The diagnosis and management of asymptomatic primary hyperparathyroidism revisited.

Abstract

Primary hyperparathyroidism (PHPT) is a common endocrine disease, especially in countries where multichannel biochemical screening, including the serum calcium measurement, is routinely used. As a result of the introduction of the automated serum screening chemistry panel in the United States in the early 1970s, the prevalence and incidence of the disease was shown to be much higher than previous estimates (1). In addition, the clinical profile had shifted from a symptomatic disorder, with hypercalcemic symptoms, kidney stones, overt bone disease, or a specific syndrome of neuromuscular dysfunction, toward a less symptomatic or even asymptomatic state. The modern clinical profile of asymptomatic PHPT, at least in North America and in many other parts of the world, is best characterized as a disorder in which there are neither signs nor symptoms traditionally associated with hypercalcemia or PTH excess. However, there are clearly different presentations of the disease in different countries. In parts of Europe and in developing nations, disease presentation is more typically reported with overt signs and/or symptoms (2). In light of the shift in the clinical profile of PHPT, it was no longer clear in 1990 whether parathyroid surgery should be recommended for all patients with this disease. Other issues related to medical management, surveillance, and criteria for diagnosis and/or recommendations for surgery all led to the convening of a Consensus Development Conference on the Management of Asymptomatic Primary Hyperparathyroidism (3). This conference, held at the National Institutes of Health (NIH) in October 1990, was sponsored by the Office of Medical Applications of Research and the National Institute of Diabetes and Digestive and Kidney Diseases. The conference was a watershed moment in the history of this disorder because it identified the new asymptomatic profile, raised questions as to who could be monitored safely without surgery, issued guidelines to surgical and nonsurgical management, and described a blueprint for further research. It was clear then, and has become even clearer since, that greater understanding of this disease was going to require thoughtful observation, prospective studies, and greater insight into its pathogenesis as part of the overall quest for new knowledge. The next 10 yr experienced a resurgence of research along these lines and led to the recognition in the early 2000s that another conference was needed to update the field and to reconsider those previous guidelines for surgical or medical management. The second international workshop on the management of asymptomatic primary hyperparathyroidism was subsequently held at the NIH in April 2002. Following a format that included formal presentations, discussions, and the convening of an expert panel, this conference led to a revised set of principles and guidelines for diagnosis as well as for surgical vs. nonoperative medical management of patients with asymptomatic PHPT (4). At both the first and second conferences, parathyroid surgery was recognized as the only definitive therapy for PHPT and was acknowledged tobealwaysanoption, evenamong thosewhodid not meet guidelines for surgery. This point deserves emphasis. On the other hand, it was also recognized that individuals who met guidelines for surgery might not be candidates for parathyroid surgery if they or their physicians declined or if medical issues were contravening. It is also worth emphasizing that these two conferences were focused upon management decisions for asymptomatic PHPT. There was never any debate, nor should there be now, about those who already demonstrate clear target organ complications of PHPT such as kidney stones, fractures, or overt neuromuscular disease. Serum calcium concentrations that are associated with symptoms and signs of hypercalcemia also invariably should lead to a recommendation for parathyroid surgery. These symptomatic patients with symptomatic PHPT should have parathyroid surgery. Over the past 6 yr, still further changes have emerged in the presentation and other aspects of PHPT, culminating in the most recent workshop that forms the basis of the supplement to this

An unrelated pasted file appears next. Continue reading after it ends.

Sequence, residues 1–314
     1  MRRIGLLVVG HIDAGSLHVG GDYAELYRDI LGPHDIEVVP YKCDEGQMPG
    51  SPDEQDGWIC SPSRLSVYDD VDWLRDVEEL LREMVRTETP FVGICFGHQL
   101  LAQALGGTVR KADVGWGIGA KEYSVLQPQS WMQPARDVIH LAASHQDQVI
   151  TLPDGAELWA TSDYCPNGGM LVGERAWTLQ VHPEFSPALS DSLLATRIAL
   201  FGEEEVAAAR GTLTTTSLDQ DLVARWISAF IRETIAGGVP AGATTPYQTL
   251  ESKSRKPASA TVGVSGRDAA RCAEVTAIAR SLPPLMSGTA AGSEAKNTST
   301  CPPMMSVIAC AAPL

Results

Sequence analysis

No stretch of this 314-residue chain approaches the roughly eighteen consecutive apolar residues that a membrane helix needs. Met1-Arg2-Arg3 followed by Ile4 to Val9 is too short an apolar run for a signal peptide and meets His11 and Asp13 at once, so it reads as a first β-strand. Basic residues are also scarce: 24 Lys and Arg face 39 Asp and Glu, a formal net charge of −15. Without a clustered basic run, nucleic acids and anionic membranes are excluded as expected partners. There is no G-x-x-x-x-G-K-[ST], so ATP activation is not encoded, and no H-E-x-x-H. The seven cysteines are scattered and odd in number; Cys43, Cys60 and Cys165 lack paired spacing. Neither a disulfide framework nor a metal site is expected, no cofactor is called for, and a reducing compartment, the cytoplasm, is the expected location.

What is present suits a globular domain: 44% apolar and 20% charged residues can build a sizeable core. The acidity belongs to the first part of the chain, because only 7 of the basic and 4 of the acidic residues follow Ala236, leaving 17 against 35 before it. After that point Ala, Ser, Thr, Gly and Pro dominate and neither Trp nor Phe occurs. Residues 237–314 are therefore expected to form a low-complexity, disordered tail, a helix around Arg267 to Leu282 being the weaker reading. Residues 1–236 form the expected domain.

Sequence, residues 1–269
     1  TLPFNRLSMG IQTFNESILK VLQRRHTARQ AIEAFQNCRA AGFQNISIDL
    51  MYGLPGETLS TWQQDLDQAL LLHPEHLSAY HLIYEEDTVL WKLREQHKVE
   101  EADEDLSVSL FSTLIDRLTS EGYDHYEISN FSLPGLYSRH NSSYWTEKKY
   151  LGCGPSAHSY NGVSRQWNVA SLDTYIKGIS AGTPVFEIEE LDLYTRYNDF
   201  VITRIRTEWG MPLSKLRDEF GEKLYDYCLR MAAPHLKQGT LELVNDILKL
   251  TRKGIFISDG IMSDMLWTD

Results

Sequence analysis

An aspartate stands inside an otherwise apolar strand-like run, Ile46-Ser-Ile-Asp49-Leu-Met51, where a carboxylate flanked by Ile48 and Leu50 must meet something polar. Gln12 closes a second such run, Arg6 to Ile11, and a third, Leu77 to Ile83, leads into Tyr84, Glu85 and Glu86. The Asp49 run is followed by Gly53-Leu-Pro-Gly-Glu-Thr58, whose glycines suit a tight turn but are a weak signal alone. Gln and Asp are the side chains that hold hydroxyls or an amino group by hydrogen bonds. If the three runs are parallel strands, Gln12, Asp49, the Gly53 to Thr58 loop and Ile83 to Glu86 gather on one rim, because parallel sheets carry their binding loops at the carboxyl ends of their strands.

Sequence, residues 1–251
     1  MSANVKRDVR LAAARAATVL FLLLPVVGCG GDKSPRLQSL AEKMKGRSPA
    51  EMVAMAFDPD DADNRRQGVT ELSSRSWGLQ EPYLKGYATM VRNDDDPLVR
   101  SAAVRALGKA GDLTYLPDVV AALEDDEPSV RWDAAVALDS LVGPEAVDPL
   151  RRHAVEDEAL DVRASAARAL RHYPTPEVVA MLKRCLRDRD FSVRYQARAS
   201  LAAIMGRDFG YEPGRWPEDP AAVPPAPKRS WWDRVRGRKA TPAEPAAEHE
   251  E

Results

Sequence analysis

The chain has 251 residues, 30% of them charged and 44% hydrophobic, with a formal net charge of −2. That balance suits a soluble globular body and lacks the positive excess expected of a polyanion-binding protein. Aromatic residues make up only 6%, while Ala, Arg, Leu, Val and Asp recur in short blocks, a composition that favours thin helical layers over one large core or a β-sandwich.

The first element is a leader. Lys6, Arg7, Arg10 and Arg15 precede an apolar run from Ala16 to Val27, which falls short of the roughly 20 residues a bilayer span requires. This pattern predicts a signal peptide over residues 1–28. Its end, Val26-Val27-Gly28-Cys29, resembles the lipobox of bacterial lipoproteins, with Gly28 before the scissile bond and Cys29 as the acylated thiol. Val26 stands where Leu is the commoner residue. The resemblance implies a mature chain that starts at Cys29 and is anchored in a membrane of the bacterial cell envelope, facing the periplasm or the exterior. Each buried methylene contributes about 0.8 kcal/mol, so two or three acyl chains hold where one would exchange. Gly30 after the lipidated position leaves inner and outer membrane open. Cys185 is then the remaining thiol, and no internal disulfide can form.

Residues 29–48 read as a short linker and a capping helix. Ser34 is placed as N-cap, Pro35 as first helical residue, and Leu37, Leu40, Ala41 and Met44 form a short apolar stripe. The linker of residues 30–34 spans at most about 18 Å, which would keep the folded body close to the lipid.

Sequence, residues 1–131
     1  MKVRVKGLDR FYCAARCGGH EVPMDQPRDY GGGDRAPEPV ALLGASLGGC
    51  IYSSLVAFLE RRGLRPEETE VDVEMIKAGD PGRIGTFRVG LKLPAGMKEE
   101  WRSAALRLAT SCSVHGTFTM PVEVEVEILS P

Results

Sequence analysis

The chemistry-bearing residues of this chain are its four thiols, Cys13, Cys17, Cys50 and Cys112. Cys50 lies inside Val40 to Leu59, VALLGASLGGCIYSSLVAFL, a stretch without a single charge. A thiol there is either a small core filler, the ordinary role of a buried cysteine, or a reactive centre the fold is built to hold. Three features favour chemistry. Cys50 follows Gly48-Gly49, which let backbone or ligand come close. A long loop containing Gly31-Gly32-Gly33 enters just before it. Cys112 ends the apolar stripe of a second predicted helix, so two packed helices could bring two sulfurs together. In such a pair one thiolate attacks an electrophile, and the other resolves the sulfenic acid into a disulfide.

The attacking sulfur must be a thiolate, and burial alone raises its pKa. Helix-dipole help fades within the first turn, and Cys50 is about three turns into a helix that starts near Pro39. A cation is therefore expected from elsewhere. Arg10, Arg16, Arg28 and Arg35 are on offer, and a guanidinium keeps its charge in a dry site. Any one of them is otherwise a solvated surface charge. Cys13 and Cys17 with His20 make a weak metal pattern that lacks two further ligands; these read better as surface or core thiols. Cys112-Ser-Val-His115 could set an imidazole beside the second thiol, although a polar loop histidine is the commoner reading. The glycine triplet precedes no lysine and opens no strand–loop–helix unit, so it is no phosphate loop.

DOI: 10.1210/jc.2008-1757

Cite this paper

@article{Khan2009TheDA, title={The diagnosis and management of asymptomatic primary hyperparathyroidism revisited.}, author={Aliya Aziz Khan and John P. Bilezikian and John T. Potts}, journal={The Journal of clinical endocrinology and metabolism}, year={2009}, volume={94 2}, pages={333-4} }